If you’ve been following our blog and our “Malaysians on Malaysia” series here at Oppotus, you may be aware that we’ve been paying special attention to the e-wallet landscape in Malaysia, bringing you insights and analysis regarding the way Malaysians have been using e-wallets as the year goes by.
With 2019 coming to a close, e-wallet usage is set to become higher than ever in Malaysia as even the federal government has plans to strongly encourage the usage of e-wallet usage and cut down cash circulation. One way that this will be done is through the launch of it’s e-tunai Rakyat programme this coming January which will bring a RM450 million digital stimulus to the e-wallet landscape of Malaysia. As such, we thought that this would be a good time to take a closer look at the current trends and behavior surrounding e-wallets amongst Malaysian consumers.
The first thing to note is that although this was a breakout year for e-wallet usage in Malaysia, we actually did not see many new e-wallets being introduced this year. Instead, we saw an increase in the usage of major e-wallets that have already been available to Malaysian consumers since 2017 and 2018, such as Boost and the Touch ‘n Go e-wallet.
As we come to the end of 2019, we see that the rate of e-wallet usage is higher than it has been in the past 12 months, currently sitting at 27% (amongst 18 year olds and above in urban cities of Peninsula Malaysia). This is likely to increase once we get round to our next report, thanks to the many seasonal promotions from vendors and e-wallets that are usually on offer during the holiday season. With numerous commercial festivities taking place towards the end of the year such as 11.11, Christmas and New Year’s, there’s going to be plenty of occasions for consumers to celebrate with shopping and dining – both of which are activities that make up a large proportion of e-wallet usage amongst Malaysian consumers.
Of all the e-wallets that have been introduced to the Malaysian Market in recent years, Boost has continued to be the most popular option for Malaysian consumers that utilise e-wallet services, with more than half of e-wallet users using Boost throughout the year, peaking at 74% in Q2 2019. The next 3 most popular e-wallets are Touch ‘n Go E-wallet, Maybank E-wallet and GrabPay, all of which have become significantly more popular since the start of the year, experiencing an increase in usage of around 40%.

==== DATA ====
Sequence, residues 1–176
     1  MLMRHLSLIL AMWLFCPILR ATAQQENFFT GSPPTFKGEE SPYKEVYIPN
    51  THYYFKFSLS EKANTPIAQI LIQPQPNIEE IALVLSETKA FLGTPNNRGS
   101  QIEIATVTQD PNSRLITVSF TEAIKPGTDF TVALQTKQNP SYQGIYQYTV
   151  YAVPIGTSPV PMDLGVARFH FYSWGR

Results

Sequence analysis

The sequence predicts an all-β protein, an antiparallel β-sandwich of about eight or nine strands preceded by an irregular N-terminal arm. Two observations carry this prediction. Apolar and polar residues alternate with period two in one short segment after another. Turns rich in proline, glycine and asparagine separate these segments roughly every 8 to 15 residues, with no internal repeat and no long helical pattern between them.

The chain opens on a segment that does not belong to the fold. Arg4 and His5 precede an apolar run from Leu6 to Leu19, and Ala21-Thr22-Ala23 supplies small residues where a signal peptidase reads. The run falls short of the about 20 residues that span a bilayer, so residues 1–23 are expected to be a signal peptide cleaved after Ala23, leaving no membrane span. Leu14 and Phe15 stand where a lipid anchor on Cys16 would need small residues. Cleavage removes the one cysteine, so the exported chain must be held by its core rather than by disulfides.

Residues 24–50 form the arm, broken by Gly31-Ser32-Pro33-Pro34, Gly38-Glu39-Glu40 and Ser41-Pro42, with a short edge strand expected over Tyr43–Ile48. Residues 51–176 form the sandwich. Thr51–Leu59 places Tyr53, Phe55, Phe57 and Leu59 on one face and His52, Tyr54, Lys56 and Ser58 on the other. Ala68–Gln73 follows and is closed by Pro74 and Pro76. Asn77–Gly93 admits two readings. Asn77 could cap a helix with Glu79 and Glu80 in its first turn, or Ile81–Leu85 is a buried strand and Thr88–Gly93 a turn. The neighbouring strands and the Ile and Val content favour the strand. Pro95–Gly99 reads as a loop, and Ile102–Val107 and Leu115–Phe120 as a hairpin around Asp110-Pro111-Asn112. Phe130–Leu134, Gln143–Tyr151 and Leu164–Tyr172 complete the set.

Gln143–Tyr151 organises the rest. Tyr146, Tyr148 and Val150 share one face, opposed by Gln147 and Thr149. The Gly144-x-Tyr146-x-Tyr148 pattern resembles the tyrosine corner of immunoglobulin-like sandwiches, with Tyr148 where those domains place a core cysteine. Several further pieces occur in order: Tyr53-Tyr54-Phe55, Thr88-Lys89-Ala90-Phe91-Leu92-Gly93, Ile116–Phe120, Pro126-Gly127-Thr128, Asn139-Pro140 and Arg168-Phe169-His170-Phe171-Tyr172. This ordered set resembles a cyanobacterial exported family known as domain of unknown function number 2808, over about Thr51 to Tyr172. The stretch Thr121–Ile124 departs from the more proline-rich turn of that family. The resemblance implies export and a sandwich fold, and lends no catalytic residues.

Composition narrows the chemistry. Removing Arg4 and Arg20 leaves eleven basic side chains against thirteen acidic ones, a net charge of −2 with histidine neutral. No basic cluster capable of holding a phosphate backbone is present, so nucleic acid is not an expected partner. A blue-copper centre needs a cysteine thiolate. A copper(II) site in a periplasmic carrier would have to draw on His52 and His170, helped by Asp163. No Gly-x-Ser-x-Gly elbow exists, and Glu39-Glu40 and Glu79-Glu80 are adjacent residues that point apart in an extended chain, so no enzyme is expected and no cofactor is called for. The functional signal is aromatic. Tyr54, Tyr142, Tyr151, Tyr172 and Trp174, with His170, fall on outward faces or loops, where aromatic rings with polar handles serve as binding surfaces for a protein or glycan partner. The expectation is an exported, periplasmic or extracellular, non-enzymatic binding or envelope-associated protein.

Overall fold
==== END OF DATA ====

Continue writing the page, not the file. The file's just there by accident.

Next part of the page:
It’s important to note that these figures are based on usage by consumers, rather than other metrics like number of downloads or number of accounts created – which are different in context.
Taking a closer look at the demographics of Malaysian e-wallet users, we find that e-wallets are most commonly used amongst the 25-34 age group, with the 35-44 age group also having a solid percentage of e-wallet users at 25%. We can also see that e-wallet usage is more common amongst those who are working in PMEB roles – people who might be more likely to be in the know regarding technology trends and also in a better position to take advantage of the benefits that e-wallets offer to consumers. As such, it also follows that e-wallet users have a slightly higher income on average compared to non e-wallet users.
Now we come to the user profile for each specific e-wallet brand. Touch ‘n Go E-wallet and GrabPay are both significantly more popular amongst consumers in the Klang Valley compared to the other e-wallets. This is likely due to the increased demand for Grab’s ride hailing and food delivery services in the populated city areas of the Klang Valley, while those who are using Touch ‘n Go e-wallet might be doing so mainly for the PayDirect feature which allows them to conveniently top up their e-wallet for usage as payment at the numerous tolls that one encounters while driving around the Klang Valley.
The average age of e-wallet users is around 34 years old, but Boost and GrabPay users tend to be on the slightly younger side compared to the other major e-wallets.